On That Day|A Blog Dare Post

On That Day|A Blog Dare Post

I was twenty-one when I first-born, Gabe, made his mark on the world and on my heart August 20, 2009.  Twenty-one when my life as I knew it changed.  Twenty-one when my first experience with depression was triggered.

I’ve written about this before, and I’m sure I will write about it again.  You see, I fought an emotion-shattering & mentally monstrous case of postpartum depression.  All my life I heard of women’s true love stories over their small ones.  Positive emotions that seemed to ooze from their every pore and tired eyes.  A sweetest love that seemed so genuine it was almost nauseating.  I hoped that I would feel those things.. the simplest form of adoration.  But, no matter my dream or intent, I did not feel those things.  No; instead of happiness I felt terror.  For the first time in my own short life I was petrified… of an infant.

To this day I believe that a series of poor lifestyle choices and awful “mojo,” if you will, contributed to my PPD.  I’m sure my poor relationship, terrible self-esteem, and even weight issues were absolute set-backs.  The raging hormones that weren’t doing their job was just the icing on the cake.  At that time I was certain that I was the only one being affected and tormented by my constant mood swings and sleepless nights; the only one even remotely damaged by the depression.  Now, looking back, I realize what a selfish thought process I had.  Until on that day… I realized I had to get help.  My son needed me to get help.  My parents — the only other people in my life aware of the problem– needed me to get help.  Not just for me, but for them… and not at all selfishly.

It was on that day, in my grandpa’s old leather chair, at 4:30 in the morning that I sat stock-still, eyes closed, praying for the previous nights’ agony end.  On that day, I promised myself and my boy that I would get help.  Because the terrorizing thoughts of violence and grief were just too much the night before.  I’d been in that chair from the time my parents called it a night until my mother woke up the next morning.  The chair was my safe place. A familiar place.  The only place in the entire house where I knew no harm would come to my Gabe, or to myself.  It was in that chair on that long-exhausted morning that I told my mom I needed to be seen and heard.  I didn’t know by whom — frankly, I didn’t care.  So on that day, now 2010,  I let go of my fears and sought help.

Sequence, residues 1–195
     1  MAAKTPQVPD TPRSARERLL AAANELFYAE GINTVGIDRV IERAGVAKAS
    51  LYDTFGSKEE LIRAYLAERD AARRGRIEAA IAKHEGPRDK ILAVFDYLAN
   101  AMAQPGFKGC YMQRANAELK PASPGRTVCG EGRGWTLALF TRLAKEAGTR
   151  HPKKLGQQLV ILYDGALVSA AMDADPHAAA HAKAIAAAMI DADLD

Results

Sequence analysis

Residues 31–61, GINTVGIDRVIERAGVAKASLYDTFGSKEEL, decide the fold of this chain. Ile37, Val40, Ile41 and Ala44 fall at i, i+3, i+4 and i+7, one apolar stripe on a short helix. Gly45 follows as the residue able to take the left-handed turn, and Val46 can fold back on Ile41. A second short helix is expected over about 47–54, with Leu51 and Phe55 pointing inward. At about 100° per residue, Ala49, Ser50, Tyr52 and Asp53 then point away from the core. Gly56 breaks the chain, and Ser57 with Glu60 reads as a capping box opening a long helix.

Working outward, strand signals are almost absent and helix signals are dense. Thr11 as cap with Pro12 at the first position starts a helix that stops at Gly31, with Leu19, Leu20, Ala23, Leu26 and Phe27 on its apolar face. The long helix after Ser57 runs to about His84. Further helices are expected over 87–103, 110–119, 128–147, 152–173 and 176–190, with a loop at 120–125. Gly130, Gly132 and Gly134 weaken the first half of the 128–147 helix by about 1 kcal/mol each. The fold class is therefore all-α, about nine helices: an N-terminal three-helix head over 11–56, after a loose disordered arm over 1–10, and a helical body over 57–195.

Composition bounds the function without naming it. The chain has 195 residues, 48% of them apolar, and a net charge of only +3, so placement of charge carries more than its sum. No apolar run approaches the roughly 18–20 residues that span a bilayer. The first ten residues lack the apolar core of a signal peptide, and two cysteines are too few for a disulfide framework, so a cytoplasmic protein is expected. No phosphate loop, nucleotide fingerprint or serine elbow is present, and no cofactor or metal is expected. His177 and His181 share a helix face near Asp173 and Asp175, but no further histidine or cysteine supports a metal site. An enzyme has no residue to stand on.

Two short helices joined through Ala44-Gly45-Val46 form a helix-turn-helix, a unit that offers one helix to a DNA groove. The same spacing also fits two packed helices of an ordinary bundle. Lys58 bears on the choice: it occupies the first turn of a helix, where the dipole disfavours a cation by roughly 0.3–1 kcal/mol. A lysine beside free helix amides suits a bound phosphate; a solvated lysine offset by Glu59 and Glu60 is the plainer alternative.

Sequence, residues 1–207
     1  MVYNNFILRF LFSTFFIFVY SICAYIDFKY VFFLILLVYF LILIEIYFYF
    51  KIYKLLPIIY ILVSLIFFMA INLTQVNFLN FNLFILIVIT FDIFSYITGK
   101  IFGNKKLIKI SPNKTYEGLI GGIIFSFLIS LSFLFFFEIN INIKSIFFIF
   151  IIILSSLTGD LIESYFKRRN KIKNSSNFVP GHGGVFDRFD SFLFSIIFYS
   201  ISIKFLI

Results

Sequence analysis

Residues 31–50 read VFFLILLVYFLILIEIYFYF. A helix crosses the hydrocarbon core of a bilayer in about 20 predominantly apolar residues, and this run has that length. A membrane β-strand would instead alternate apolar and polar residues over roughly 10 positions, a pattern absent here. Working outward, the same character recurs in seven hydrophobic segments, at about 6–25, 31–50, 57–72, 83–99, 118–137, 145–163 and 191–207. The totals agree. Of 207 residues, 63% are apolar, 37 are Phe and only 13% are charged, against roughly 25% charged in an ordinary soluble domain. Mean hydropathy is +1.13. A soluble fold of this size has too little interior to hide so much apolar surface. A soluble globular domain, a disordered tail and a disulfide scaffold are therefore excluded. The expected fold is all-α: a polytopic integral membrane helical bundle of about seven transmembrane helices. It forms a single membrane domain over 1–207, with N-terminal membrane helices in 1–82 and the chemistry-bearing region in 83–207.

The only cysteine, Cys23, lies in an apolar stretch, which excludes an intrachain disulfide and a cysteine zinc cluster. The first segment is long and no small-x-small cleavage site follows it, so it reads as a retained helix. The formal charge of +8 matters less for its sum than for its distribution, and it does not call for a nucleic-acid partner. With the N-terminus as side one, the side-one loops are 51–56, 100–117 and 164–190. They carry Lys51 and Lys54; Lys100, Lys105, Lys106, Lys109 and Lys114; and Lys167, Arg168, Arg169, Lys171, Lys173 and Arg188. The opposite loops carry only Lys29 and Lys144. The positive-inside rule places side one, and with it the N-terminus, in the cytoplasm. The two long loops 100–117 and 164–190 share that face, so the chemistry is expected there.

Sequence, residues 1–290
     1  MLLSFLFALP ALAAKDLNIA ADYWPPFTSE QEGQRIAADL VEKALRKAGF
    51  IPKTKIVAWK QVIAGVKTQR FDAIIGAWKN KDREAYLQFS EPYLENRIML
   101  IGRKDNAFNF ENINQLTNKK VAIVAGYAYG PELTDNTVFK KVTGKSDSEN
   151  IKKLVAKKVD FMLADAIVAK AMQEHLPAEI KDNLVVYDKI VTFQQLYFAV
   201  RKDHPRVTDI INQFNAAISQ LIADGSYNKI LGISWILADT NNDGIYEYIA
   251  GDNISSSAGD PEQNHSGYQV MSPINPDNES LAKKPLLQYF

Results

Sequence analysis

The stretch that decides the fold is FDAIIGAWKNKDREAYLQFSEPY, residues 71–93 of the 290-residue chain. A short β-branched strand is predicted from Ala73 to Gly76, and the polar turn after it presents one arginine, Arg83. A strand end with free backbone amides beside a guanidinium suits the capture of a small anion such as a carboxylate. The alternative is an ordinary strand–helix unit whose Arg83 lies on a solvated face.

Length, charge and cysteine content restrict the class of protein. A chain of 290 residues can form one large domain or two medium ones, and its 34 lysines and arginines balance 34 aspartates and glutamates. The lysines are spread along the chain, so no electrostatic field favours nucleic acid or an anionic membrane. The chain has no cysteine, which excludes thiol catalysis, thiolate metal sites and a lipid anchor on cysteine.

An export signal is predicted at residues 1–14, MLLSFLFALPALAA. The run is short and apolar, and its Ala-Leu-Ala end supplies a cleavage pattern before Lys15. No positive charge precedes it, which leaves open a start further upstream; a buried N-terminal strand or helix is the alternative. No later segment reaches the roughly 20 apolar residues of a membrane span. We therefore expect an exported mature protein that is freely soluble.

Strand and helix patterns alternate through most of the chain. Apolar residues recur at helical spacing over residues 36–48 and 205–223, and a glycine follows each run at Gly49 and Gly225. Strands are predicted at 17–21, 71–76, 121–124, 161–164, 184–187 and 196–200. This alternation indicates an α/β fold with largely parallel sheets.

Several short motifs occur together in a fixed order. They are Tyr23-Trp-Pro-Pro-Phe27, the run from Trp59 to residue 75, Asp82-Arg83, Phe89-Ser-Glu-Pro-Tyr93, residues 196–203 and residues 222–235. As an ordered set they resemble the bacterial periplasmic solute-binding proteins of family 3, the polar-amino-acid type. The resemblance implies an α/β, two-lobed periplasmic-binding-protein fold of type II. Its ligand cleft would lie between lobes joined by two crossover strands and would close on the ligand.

As if the mindset of PPD isn’t scary enough, the seeking of help is twice as agonizing.  It was for me, anyway.  I had waited a year to get help… and by that point I feared my mind was long gone.  I just knew they’d lock me away or, worse, take away my boy.  A psychologist’s waiting room always has certain marks, I’ve noticed.  In my experience they’ve always smelled of old books and put off a bleak and dismal feel — as if to really hone in on one’s already magnified problem.  And there I sat, alone; my thoughts amplified and fears on instant replay in my mind.  I sat there for what seemed like hours.  And then my name was called.  I got up and considered heading for the door.  Instead, my common sense finally kicked in and I walked back through a corridor that was, if possible, even more dreary than the lobby.  I finally found myself alone in a room once more.. patiently waiting on whoever was coming to strap me in to a straitjacket.  And then the kindest face walked in.  As if on cue, my fears of the visit lifted.  I talked until I thought I could speak no more and cried until my face was sore.  And the thing she did next stunned me into an almost painful silence; she hugged me the tightest I had ever been hugged.  She assured me that everything would be fine.  That it could be fixed — that could be fixed.  To tell you the relief that I felt is virtually impossible.  But a wave of thankfulness washed over me… and a wave of regret because I had not sought help sooner.

We continued to meet and I was given a strong anti-depressant.  As time went on, we met less and my dosage finally depleted.  And on that day, we celebrated a new start and a new-found, long sought after love that I would not trade for the world.

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Postpartum depression is real and horrifying.  It is also still taboo.  But there is help and hope.  For more information on PPD, follow this link.  If you or anyone you know is suffering from or could suffer from this problem, please seek help and encouragement.

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